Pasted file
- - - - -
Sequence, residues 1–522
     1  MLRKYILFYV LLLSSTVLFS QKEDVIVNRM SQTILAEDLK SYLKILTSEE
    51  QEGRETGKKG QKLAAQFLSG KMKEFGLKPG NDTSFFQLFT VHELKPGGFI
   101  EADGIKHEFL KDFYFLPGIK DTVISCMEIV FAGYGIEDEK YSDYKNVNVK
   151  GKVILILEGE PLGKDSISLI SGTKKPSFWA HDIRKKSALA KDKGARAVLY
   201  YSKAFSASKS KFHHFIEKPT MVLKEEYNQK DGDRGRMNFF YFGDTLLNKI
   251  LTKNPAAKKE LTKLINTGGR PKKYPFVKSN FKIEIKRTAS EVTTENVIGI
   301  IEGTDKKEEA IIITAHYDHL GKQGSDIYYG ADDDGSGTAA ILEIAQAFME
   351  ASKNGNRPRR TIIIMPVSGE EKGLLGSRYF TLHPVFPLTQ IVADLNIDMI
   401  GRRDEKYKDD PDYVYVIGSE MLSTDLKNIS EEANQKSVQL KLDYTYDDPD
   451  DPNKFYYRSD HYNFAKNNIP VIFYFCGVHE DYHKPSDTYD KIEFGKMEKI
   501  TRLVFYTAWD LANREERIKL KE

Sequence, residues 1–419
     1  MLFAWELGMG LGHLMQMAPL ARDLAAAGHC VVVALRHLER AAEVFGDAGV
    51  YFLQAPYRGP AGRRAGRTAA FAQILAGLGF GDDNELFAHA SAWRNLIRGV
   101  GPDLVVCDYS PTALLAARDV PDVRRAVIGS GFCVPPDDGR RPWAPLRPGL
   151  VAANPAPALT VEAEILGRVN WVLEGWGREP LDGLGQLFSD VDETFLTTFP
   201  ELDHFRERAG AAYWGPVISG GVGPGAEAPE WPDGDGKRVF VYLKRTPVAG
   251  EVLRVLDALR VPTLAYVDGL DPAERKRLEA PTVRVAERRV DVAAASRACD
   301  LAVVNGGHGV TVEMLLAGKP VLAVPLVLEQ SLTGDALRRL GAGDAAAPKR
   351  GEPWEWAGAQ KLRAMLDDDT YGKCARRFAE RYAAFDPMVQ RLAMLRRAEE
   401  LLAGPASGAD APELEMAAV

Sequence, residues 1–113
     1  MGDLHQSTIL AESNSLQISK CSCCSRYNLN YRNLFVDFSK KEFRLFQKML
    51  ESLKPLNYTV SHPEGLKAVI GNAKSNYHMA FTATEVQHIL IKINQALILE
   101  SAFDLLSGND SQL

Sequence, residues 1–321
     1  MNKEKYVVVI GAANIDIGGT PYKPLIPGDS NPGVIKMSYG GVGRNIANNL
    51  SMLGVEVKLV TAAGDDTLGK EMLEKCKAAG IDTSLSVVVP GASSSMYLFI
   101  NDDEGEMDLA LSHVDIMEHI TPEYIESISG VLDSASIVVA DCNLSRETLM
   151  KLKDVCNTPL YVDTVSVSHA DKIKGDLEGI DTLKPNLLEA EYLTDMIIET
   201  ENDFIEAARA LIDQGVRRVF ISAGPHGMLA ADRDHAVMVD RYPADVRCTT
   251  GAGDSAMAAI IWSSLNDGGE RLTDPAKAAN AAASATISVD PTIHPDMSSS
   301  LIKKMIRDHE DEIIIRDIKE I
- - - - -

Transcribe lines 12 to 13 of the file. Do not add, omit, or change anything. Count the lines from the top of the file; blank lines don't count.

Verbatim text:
   501  TRLVFYTAWD LANREERIKL KE

Sequence, residues 1–419